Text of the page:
The UK has announced plans to restart travel by mid-May, prompting a surge in sales of airline tickets and holidays. But will sales hold?
Yesterday (Monday), UK’s Prime Minister announced the country’s plan to ease coronavirus restrictions in the coming months. As a result, airlines saw a skyrocketing rise in ticket sales from the UK to popular holiday destinations. Most of these destinations are within Europe, but there are a few exceptions.
Great Britain has had a difficult time in the pandemic. However their vaccination programme is progressing better than those of some other countries. And while this caused some friction with UK’s neighbors, airline ticket sales to some of these neighboring countries are rising. Airlines in the UK have published their sales over the past few days, making for interesting reading.
Airline and holiday seller TUI UK saw a week-on-week 500% increase in bookings. Jet2 reported a 600% increase, also in holidays and tickets. EasyJet has similar numbers, breaking them down to a 300% increase for tickets and 600% for holiday bookings! This makes sense, as the company would already have some ticket sales from non-holidaymakers.
Remaining Ticket Hurdles For UK Airlines
Of course there are still many unknowns about the exact process with which holidays can restart. For one thing, these other countries will have to allow tourists to come in. But generally speaking, these countries won’t need a lot of convincing. Countries relying on tourism will welcome airlines and tourists from the UK and elsewhere, buying tickets and holidays there. We have seen moves from many such countries, to promote vaccine passports, in some form. These passports should ease worries elsewhere, about UK variants of the coronavirus.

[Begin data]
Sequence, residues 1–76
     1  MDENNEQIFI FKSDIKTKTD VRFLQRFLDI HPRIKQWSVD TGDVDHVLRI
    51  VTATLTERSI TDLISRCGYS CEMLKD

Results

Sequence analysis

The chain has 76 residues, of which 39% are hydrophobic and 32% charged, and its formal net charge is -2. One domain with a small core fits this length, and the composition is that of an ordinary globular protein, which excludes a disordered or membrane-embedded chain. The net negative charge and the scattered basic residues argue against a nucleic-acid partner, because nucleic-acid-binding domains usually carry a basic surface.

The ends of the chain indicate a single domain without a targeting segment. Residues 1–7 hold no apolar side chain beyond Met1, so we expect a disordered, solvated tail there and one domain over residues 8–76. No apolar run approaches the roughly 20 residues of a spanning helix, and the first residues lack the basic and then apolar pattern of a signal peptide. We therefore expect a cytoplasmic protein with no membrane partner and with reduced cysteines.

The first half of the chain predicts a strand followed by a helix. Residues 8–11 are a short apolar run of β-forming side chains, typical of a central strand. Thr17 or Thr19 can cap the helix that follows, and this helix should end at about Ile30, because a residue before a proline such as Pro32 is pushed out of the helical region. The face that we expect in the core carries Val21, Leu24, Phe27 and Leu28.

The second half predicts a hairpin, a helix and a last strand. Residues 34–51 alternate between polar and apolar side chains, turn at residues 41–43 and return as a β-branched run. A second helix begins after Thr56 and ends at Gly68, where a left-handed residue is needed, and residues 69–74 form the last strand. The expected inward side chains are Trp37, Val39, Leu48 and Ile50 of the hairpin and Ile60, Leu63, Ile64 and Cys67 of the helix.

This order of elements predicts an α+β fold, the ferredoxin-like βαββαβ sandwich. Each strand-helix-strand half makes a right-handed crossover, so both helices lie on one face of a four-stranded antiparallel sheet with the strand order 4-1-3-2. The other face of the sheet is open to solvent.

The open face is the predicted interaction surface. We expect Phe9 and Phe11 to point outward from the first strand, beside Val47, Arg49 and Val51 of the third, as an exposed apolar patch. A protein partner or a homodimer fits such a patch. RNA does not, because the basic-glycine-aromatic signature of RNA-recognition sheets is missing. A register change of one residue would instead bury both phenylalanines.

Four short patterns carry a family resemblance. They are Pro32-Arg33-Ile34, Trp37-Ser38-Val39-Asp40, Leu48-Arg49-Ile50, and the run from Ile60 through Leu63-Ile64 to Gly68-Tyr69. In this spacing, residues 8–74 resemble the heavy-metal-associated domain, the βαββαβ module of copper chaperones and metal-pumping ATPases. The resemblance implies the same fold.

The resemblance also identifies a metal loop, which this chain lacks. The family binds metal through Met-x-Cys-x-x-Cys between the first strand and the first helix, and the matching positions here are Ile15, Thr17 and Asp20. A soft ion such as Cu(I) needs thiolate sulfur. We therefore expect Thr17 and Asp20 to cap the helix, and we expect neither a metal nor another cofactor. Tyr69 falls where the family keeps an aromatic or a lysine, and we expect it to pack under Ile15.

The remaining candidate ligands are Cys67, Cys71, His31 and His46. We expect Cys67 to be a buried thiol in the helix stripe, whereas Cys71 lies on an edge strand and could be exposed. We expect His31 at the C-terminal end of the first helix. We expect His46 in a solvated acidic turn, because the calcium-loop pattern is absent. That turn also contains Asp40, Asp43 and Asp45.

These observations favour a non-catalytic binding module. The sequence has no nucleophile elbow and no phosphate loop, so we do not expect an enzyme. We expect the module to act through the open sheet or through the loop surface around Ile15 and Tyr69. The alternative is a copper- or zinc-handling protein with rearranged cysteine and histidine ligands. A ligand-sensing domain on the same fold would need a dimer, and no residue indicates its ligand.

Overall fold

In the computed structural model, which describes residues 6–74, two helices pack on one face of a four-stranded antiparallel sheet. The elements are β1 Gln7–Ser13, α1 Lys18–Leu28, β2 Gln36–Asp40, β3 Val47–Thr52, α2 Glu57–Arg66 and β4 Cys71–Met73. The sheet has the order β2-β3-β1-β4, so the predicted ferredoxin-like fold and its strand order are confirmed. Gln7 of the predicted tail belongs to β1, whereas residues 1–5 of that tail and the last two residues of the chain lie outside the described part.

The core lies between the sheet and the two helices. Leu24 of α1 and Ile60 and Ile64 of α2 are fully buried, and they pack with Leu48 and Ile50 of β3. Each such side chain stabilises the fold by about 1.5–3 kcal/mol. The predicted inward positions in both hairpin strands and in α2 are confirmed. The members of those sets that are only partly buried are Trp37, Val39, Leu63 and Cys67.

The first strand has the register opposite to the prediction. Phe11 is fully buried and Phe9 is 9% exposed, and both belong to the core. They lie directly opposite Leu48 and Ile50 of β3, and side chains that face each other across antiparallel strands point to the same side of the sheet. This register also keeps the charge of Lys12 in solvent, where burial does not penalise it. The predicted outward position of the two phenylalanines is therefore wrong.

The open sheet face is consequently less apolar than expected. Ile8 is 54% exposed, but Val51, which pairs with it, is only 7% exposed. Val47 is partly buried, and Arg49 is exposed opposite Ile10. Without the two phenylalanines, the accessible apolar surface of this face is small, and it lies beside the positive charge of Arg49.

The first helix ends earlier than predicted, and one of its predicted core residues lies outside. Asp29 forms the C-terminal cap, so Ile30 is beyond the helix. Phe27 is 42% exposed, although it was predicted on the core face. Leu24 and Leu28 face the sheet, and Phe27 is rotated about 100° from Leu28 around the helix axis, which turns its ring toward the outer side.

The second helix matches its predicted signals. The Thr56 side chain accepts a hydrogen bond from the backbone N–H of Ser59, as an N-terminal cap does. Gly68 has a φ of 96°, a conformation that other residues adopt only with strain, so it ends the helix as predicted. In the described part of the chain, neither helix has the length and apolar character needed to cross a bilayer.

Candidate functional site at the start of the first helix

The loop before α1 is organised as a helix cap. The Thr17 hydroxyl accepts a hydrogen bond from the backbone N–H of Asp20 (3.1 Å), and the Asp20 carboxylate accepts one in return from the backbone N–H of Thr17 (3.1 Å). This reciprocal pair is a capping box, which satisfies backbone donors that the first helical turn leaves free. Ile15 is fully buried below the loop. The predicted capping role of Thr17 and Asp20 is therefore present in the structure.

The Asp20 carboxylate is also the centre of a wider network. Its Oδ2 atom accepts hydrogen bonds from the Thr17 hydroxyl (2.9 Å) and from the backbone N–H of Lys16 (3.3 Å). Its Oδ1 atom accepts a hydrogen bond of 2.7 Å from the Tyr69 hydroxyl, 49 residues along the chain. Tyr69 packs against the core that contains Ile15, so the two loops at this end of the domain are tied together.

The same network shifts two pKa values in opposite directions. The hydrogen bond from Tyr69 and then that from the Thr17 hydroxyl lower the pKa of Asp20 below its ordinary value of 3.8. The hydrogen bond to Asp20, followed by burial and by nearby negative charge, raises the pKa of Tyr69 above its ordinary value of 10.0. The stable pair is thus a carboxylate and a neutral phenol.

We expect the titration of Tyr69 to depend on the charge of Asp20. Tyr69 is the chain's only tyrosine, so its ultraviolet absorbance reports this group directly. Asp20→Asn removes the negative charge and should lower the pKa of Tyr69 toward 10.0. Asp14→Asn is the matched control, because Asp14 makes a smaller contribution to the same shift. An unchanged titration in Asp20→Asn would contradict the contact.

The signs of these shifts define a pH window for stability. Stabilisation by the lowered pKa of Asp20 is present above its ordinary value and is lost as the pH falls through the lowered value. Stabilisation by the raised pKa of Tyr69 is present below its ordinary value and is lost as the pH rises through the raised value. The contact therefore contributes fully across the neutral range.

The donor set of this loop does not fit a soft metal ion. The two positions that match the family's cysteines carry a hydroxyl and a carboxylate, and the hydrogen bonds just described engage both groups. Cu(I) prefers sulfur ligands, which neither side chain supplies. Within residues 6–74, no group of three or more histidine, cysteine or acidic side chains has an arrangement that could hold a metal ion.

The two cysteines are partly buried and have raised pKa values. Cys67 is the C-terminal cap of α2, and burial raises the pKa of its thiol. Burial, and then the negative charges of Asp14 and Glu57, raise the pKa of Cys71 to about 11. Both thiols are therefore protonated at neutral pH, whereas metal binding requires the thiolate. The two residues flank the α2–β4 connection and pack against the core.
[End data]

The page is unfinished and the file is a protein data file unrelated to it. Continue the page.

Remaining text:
We have already seen how news on vaccines have affected airline ticket sales in the UK and elsewhere. More waves of the pandemic dampened these sales, but they seem to be coming back. Often, holidaymakers hope for better ticket prices when booking early. This is far from certain, of course. But with so much uncertainty on airline capacity, perhaps booking your UK ticket early isn’t a bad idea.
The government’s current stance is somewhat of a reversal, from less than a month ago. Airlines in the UK and elsewhere have tried selling tickets, suggesting a post-vaccination rise in travel. And even afterwards, government members had warned Britons against booking holidays for the summer. From their side, airlines really need to plan their capacity months in advance, as we have seen. However, many of them are taking measures to ensure that they can vary their capacity, when necessary.
UK’s Easing Plans And Preferred Destinations
At the moment, the UK plan is to stop the quarantine requirement for arrivals on May 17th. The holiday ban will go on the same date. But at the moment, this is just a target. A review to the process should come by mid-April. However, people and airlines in the UK won’t wait until then, to organize their tickets and holidays. But of course many people will still need time after these dates, to get the vaccine.
EasyJet published some more details about the destinations that its customers booked in the past couple of days. The UK airline saw an increase in ticket sales for Crete in Greece, Malaga, Alicante and Palma in Spain and Faro in Portugal. TUI saw similar trends. But they also said that these bookings are mostly for after June. Clearly, people prefer to let some time pass, before their travel plans come to effect. And of course there is the question of when they can get their vaccines.
We also need to see what airlines and airports in the UK will do, about these ticket sales. BA and Virgin have largely (or completely) stopped operations in some airports. It will be interesting to see their plans on restoring that capacity.
Until then, and before the majority of the country gets the vaccine, those who got it first, will likely be the first to travel. Perhaps the airlines are about to see trend of UK seniors, booking tickets for their holidays! We’re sure airlines will be delighted if they do; seniors are good travel customers.